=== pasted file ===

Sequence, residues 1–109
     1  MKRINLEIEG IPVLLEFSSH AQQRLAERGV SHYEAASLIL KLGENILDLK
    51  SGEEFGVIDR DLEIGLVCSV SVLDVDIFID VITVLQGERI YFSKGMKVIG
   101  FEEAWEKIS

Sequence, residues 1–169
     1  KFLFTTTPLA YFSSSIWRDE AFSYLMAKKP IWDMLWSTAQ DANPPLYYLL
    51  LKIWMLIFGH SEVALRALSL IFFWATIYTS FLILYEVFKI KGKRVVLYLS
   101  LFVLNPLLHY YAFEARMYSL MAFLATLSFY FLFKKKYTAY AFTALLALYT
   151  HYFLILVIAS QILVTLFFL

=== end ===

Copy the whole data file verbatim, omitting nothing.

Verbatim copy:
Sequence, residues 1–109
     1  MKRINLEIEG IPVLLEFSSH AQQRLAERGV SHYEAASLIL KLGENILDLK
    51  SGEEFGVIDR DLEIGLVCSV SVLDVDIFID VITVLQGERI YFSKGMKVIG
   101  FEEAWEKIS

Sequence, residues 1–169
     1  KFLFTTTPLA YFSSSIWRDE AFSYLMAKKP IWDMLWSTAQ DANPPLYYLL
    51  LKIWMLIFGH SEVALRALSL IFFWATIYTS FLILYEVFKI KGKRVVLYLS
   101  LFVLNPLLHY YAFEARMYSL MAFLATLSFY FLFKKKYTAY AFTALLALYT
   151  HYFLILVIAS QILVTLFFL